Is it important to collaborate with your cartooning colleagues? How have your professional collaborations benefited your career?

Collaboration with my coworkers is important because you can bounce ideas off of one another. You might find that, if you have a good idea, they might be able to help you improve it.

Hanging out with my cartooning friends is also very important. For example, when I joined Cartoonists Northwest I had little experience professionally. Many companies will seek these groups to find artists. This was basically how my career took off. I found contacts though the group.

Also, never underestimate the networking power of your friends and colleagues! If you have friends in any art field they may know of opportunities for cartoonists. I have found work through friends and vise versa. It's a great feeling to help a friend.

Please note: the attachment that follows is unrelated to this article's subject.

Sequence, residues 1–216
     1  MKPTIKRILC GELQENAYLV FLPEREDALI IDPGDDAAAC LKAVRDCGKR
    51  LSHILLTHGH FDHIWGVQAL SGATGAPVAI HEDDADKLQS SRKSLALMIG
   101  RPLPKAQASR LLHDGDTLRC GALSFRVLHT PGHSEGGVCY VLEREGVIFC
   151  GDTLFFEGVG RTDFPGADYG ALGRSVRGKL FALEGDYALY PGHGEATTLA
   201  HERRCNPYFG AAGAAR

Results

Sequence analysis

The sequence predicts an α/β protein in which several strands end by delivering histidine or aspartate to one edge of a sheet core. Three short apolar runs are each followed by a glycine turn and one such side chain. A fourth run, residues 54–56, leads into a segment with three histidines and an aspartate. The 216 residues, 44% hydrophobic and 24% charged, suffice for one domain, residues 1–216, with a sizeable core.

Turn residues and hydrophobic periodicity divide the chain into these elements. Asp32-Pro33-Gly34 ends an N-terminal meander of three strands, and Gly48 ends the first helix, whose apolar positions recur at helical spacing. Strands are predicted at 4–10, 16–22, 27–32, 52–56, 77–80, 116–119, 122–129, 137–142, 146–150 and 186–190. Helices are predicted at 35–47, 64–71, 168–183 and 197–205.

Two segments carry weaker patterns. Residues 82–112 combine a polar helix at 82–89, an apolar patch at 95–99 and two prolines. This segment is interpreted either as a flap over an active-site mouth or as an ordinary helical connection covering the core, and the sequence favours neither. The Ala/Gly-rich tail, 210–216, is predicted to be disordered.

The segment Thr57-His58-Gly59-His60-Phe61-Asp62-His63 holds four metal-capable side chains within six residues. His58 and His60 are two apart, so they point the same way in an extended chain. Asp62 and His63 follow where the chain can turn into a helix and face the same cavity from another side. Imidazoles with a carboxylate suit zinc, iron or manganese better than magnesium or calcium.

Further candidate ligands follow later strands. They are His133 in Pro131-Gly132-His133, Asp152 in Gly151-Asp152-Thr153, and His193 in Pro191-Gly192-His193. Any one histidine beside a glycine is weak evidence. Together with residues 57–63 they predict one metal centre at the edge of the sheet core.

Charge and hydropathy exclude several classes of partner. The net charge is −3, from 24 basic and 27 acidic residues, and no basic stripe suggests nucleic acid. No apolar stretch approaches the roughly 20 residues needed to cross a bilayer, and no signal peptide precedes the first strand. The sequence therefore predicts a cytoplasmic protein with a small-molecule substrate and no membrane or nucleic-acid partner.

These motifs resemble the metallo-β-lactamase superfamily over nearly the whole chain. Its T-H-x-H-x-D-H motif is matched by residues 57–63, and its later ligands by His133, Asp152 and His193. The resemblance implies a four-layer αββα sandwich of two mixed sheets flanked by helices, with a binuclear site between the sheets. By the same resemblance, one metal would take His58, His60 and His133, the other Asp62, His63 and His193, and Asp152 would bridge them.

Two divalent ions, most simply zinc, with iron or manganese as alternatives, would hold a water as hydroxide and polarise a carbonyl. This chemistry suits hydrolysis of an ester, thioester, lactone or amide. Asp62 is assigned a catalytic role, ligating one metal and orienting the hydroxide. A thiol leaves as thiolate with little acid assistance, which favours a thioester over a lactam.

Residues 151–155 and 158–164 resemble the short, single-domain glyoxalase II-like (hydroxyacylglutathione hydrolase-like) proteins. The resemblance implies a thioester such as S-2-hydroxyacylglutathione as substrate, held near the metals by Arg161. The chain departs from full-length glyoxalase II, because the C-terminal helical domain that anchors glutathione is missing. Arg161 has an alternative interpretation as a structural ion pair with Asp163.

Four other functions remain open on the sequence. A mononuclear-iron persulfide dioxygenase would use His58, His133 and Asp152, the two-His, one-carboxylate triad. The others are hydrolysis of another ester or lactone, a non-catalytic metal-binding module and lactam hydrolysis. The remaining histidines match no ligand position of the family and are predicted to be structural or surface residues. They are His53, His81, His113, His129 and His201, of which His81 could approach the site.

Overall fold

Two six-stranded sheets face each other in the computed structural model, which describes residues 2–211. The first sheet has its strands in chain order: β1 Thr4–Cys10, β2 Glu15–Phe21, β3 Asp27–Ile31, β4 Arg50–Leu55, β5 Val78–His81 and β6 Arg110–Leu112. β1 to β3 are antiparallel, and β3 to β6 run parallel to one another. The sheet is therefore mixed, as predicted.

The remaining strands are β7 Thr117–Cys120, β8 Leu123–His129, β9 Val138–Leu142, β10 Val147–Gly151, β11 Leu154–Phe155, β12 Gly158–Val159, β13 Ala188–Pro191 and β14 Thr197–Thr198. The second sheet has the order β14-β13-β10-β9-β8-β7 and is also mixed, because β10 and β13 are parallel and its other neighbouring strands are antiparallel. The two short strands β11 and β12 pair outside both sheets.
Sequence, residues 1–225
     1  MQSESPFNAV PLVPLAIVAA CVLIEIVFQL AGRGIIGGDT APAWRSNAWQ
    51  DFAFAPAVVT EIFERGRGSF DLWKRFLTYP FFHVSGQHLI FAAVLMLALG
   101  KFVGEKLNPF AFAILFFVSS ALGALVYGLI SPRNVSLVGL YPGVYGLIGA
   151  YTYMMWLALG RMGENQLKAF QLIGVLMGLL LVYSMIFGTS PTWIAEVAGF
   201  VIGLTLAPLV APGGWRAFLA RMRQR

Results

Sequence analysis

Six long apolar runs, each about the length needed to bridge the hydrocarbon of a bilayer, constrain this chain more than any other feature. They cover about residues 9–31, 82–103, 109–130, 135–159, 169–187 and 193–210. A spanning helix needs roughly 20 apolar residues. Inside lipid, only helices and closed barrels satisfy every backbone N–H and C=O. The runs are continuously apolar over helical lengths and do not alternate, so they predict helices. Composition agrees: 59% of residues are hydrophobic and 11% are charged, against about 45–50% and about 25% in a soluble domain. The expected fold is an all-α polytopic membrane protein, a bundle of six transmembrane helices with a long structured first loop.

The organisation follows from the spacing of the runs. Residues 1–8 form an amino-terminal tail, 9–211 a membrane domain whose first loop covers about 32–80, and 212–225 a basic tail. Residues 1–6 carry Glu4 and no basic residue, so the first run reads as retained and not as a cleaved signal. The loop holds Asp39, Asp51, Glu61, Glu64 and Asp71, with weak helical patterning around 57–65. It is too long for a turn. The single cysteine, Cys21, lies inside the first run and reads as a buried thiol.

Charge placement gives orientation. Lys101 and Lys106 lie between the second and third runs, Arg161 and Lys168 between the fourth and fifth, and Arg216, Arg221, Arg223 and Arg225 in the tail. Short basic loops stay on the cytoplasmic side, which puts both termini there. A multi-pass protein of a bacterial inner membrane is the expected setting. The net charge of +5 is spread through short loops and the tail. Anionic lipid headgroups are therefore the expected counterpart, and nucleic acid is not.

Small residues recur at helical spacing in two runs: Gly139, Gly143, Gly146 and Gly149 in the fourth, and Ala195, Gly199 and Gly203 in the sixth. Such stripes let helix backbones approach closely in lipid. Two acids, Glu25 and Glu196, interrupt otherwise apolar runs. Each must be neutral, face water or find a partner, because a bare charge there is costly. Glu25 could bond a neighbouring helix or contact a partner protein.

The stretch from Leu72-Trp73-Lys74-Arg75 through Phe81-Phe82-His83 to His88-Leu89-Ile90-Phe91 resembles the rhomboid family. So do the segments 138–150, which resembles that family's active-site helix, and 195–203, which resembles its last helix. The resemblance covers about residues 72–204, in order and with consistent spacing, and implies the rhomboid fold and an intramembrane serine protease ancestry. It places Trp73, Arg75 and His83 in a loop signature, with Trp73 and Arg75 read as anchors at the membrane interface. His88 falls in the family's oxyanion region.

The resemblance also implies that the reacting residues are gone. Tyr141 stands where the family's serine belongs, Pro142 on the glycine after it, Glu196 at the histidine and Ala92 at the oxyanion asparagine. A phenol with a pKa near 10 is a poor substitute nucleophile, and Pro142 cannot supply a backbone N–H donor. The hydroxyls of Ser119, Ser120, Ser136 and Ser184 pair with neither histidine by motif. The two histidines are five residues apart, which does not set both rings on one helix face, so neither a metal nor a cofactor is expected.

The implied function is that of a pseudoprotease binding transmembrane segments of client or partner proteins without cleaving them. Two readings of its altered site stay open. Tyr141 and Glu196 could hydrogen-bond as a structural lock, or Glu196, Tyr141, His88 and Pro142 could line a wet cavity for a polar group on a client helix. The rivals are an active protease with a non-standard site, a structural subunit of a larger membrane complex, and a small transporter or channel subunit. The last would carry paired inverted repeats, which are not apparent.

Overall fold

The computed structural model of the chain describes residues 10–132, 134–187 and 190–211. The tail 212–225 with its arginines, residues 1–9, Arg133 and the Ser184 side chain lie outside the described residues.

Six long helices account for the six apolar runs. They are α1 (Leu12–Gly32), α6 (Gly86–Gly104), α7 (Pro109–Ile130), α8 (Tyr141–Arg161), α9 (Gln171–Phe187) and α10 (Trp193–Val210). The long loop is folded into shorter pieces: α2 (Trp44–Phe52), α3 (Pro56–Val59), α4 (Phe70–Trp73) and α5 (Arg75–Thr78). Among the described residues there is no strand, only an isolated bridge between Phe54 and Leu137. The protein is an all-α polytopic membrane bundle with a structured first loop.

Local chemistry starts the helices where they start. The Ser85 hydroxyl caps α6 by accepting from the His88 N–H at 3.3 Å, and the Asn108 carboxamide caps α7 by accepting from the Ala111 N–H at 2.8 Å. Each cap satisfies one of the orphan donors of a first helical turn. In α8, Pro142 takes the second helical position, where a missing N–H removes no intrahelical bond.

What are some common myths about cartoonists?

Number one is that many people, including some artists, think that cartooning is a lowbrow form of art. This seems mostly an American myth and is a very aggravating stereotype, especially since cartoons are so popular. You can't open up a magazine without finding a cartoon illustration. When you open the newspaper to the editorial section, the first thing you see is the editorial cartoon. Cartoons can be thought provoking as well as fun and entertaining.

Cartoonists are some of the most creative and prolific artists around. In Europe, cartoonists are well respected as artists. There are even museums that are focused around cartoon art in the U.S. and abroad.